OpenID in Smartphones
Full Title or Meme
This use case focuses on the parts of enabling a Self-issued Identifier within a battery-powered mobile device that will impact the protocol that is used when the device acts as a Self-issued OpenID Provider.
- This use case assumes the user with a Smartphone that wants to enable a Self-issued Identifier using only that phone
- Both Apple and Android have learned that energy consuming applications will drain a user's battery and work to limit apps that do that.
- Also no app that resulting in huge drains on the Smartphone battery would survive for long in the marketplace.
- The goal for would be a Self-issued OpenID Provider User Experience that is as good as the front channel OpenID Connect experience.
- The user experience with creating the new identifier must result in 80 - 90% success rate.
- The user Experience with navigating and registry with a new RP must be nearly as good as that using Facebook to perform the same function.
- The user experience of loosing access due to accident of technology upgrade must be 90 - 95% successful on first attempt.
- This use case focuses on native user apps because of their access to the keystone in current smartphone operating systems.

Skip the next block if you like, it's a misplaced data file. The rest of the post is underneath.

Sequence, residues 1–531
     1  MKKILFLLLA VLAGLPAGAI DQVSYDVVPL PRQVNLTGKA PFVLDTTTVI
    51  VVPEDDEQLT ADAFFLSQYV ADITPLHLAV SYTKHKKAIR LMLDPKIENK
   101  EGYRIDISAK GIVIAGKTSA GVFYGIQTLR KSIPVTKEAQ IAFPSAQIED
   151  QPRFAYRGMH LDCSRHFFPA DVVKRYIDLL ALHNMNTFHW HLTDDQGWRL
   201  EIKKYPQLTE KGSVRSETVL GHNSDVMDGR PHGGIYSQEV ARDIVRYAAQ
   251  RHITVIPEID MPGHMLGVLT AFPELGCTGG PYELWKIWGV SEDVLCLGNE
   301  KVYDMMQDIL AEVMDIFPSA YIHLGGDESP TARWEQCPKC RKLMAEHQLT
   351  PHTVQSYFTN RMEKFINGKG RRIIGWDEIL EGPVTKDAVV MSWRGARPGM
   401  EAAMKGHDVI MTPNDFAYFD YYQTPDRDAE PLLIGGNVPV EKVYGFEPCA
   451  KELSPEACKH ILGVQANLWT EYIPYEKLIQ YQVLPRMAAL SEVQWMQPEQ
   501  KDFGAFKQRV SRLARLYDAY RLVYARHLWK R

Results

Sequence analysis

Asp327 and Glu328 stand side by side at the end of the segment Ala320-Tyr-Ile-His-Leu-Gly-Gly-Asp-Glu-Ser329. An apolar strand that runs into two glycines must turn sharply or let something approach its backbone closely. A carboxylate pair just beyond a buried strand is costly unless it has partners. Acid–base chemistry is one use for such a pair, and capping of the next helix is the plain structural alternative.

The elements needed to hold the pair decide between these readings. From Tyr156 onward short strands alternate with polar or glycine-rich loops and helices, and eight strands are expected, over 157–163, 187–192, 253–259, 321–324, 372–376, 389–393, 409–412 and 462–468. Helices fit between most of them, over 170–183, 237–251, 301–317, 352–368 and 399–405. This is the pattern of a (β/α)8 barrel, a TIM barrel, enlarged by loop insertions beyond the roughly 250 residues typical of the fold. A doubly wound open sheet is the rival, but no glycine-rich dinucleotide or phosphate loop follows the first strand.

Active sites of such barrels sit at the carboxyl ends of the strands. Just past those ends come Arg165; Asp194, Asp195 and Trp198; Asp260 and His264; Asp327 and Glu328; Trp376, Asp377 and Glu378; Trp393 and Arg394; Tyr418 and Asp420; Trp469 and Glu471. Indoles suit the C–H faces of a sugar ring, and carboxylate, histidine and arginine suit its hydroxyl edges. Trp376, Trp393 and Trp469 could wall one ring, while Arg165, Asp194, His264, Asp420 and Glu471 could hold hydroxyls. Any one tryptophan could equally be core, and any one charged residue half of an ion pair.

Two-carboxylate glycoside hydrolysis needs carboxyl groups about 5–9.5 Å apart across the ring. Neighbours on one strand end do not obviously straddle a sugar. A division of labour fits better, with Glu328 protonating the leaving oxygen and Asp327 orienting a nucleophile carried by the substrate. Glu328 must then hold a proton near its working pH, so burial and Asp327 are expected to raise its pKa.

- Given the current browser reality, SIOP will not duplicate the same seamless, in-browser window experience,
- In other words, a user cannot get a signin experience on a RP site for first time signin with a DID that they can get with, say, Google or FB.
- Facebook and Microsoft have had years to create an account recovery regime that works of a wide range of access denials in the real world. SIOP needs to come close to duplicating that functionality or it will suffer from bad user reports on the technology.
- The smartphone is first of all a phone and this functionality cannot cause the phone to lose power too quickly or otherwise impact the primary purpose of the smartphone.
- The user has a smartphone that can handle the secure storage of user secrets.
- A native app can be down-loaded that will act as a SIOP. Some folk call this a user Wallet if it can also store other credentials, but that is outside the scope of this use case.